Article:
Salcedo Stories

misfits in the afternoon

misfits in the afternoon

  • 1 October 2023

An exhibit imbued with nostalgia among kindred spirits, misfits in the afternoon is a long-overdue reunion of eight Philippine contemporary artists who met through chance encounters at different artistic crossroads and since then witnessed each other evolve and flourish in their respective practices. Ronald Achacoso, Francesca Enriquez, Pardo de Leon, Jet Melencio, Aleth Ocampo, Dan Raralio, Popo San Pascual, and Reg Yuson “meet” once more after three decades since their exhibits together as schoolmates at the University of the Philippines College of Fine Arts. Nilo Ilarde, also a peer and schoolmate, takes on the challenge of curating such a diverse exhibition that spans across different mediums and styles.

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Five of eight misfits, together with Salcedo Auctions Chairman Richie Lerma, at the exhibit’s opening preview last September 28, 2023. (L-R) Dan Raralio, Reg Yuson, Pardo de Leon, Aleth Ocampo, Richie Lerma, Popo San Pascual.

In an intimate storytelling, Jet Melencio shares the profound connections that he has forged with his fellow artists, transcending the bonds of artistic camaraderie that have become the foundation of their cherished relationships.

Popo San Pascual

Popo San Pascual, ‘Chelsea’ series, acrylic on canvas, 122 cm x 91.44 (48 x 36 in) each

I met Popo San Pascual at the kiosk along the Walk (the path leading to the UP Main Library Building, former location of the College of Fine Arts). I have an early memory of us making a dramatic entrance at an exhibit opening at the Alliance Francaise with a cast of characters in full absurdist drag singing happy birthday; Popo carrying a cake complete with lit candles. It was, of course, nobody’s birthday. Popo painted sprawling murals of gardens, empty swimming pools, and life-sized interiors with characteristically loose and primal brushwork; and singularly changed Philippine figurative painting, influencing succeeding generations of artists.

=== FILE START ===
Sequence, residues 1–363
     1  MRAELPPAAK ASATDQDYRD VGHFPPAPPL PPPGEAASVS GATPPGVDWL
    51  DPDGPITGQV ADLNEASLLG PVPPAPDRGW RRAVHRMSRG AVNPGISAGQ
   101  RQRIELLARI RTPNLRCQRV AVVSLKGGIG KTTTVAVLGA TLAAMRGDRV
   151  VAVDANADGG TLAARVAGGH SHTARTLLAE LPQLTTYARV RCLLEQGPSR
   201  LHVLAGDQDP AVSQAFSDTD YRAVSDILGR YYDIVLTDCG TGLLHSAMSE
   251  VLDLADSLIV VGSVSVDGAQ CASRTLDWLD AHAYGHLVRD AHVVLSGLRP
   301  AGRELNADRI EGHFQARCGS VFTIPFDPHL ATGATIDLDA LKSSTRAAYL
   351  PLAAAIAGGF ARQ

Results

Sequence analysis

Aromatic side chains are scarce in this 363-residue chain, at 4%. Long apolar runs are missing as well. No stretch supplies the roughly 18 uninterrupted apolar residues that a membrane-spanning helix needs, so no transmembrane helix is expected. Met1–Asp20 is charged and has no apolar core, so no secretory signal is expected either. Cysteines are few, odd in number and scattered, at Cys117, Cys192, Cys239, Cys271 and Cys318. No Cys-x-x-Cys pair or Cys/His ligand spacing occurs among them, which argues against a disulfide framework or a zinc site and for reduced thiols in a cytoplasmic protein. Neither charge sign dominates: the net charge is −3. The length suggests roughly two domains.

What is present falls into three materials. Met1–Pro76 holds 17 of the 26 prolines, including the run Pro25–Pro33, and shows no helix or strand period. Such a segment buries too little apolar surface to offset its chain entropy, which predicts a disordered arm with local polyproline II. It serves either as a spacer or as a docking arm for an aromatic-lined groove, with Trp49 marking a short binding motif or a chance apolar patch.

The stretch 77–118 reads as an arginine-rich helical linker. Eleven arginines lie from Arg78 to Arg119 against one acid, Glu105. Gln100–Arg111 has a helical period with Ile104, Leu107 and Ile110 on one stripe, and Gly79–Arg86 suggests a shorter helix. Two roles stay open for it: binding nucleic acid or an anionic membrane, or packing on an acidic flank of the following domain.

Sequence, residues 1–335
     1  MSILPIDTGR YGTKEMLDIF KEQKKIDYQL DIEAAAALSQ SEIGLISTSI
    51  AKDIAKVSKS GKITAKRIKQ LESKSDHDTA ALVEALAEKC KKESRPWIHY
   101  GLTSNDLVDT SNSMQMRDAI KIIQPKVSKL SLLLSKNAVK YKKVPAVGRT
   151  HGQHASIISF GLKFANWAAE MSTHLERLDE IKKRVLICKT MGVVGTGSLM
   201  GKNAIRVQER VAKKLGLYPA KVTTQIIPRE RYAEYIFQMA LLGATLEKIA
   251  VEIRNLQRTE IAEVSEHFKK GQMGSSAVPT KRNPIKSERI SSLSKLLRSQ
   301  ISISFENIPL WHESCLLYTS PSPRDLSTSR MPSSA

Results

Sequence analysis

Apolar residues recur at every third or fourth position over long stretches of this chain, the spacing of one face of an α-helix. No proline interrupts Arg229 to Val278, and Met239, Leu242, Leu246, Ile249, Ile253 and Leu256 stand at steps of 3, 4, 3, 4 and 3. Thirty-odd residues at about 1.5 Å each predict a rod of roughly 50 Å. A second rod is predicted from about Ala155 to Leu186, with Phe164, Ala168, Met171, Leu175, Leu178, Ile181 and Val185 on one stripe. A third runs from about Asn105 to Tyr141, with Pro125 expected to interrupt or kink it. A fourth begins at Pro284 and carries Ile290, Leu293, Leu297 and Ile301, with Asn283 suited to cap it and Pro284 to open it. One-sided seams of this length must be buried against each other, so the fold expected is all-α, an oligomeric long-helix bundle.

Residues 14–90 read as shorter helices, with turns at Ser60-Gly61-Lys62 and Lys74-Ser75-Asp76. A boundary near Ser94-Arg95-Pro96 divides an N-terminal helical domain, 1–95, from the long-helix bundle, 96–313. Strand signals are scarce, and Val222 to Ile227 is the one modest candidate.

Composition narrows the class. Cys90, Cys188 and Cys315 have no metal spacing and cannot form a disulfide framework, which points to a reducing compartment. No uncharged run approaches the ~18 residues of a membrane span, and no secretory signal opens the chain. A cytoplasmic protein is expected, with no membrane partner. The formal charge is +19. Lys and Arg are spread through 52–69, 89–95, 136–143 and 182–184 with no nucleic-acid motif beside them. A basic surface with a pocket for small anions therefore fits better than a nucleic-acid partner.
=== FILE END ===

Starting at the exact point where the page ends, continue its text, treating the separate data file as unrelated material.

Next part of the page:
Pardo de Leon

Pardo de Leon, ‘Flaxen (diptych),’ oil on canvas, 122 x 122 (48 x 48 in) each

I remember going to an opening of Pardo de Leon’s at Finale Art File (at the time, a small gallery in Sunvar Plaza), seeing her lusciously painted juxtapositions of classical figures, rifles and taxicabs and marveling at how art could be so transgressively exuberant. In her large-scale paintings, flamingos, angels, twisted silverware, and leaping frogs tumbled in a psychedelic fever dream. My father had brought me to artists’ studios since I was a child, so I grew up knowing art as a safe space. Until then I had never known that painting could be so worldly and dangerous.

Francesca Enriquez

Francesca Enriquez, ‘Interior and Exterior’ 

Francesca Enriquez, ‘Doors and Windows,’ oil on canvas, 122 x 122 (48 x 48 in)

I had been an admirer of Francesca Enriquez’s work even before I met her. In fact, I don’t recall exactly how we met but I think it was at one of the many group shows at Finale Art File. By the time I was in art school, she had gone away to the US and had entered an abstract expressionist phase. Gifted with pure instinct, she was largely regarded as a painter’s painter. But before she was a painter, she was a dancer. I remember seeing her work for a show curated by Chabet at Pinaglabanan Galleries called Five Girls: Alarm and Chaos. Keka’s work stood out for me because they clearly embodied the title. The word that came to mind was “attack”. Bold, unusual colour and gestures that suggested that her whole body was deployed. Traces of hands and feet. They were not for the faint-hearted.

Aleth Ocampo

Aleth Ocampo, ‘Cupboard Series 2,’ oil on canvas, 91.44 x 122 cm (36 x 48 in)

Aleth Ocampo, ‘Nana’s Congee,’ oil on canvas, 122 cm x 91.44 (48 x 36 in)

I met Aleth Ocampo through Popo who, at the time, was doing various projects for Sari- Sari Store. Together with Popo, Pardo de Leon, and a cast of eccentric characters, Aleth’s bold and unadulterated sense of colour contributed significantly to the Sari-Sari aesthetic and the store’s unique, era-defining joie de vivre. It was a hedonistic time; and Aleth was even then, a fully-fledged bon vivant. Her vibrant, larger-than-life still lifes continue to be populated by clearly defined objects of leisure, devoid of shadow or ambiguity.